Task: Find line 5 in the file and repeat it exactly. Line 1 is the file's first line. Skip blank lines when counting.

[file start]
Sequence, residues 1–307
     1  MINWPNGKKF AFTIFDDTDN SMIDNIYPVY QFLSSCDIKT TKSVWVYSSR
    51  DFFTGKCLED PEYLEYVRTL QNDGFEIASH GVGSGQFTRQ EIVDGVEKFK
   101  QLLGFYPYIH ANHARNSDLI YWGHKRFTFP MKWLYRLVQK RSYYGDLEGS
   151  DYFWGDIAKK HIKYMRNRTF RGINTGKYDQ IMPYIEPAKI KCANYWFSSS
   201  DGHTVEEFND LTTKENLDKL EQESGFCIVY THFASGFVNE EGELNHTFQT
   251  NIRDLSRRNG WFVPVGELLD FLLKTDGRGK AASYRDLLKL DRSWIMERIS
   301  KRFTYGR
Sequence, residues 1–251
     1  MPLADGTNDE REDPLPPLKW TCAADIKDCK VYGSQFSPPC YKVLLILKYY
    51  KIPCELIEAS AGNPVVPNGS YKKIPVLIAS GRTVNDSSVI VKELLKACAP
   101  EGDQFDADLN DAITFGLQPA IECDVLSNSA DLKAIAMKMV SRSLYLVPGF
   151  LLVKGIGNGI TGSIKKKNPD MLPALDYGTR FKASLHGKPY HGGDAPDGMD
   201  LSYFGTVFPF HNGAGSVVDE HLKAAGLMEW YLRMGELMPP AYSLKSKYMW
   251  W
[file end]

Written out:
   151  DYFWGDIAKK HIKYMRNRTF RGINTGKYDQ IMPYIEPAKI KCANYWFSSS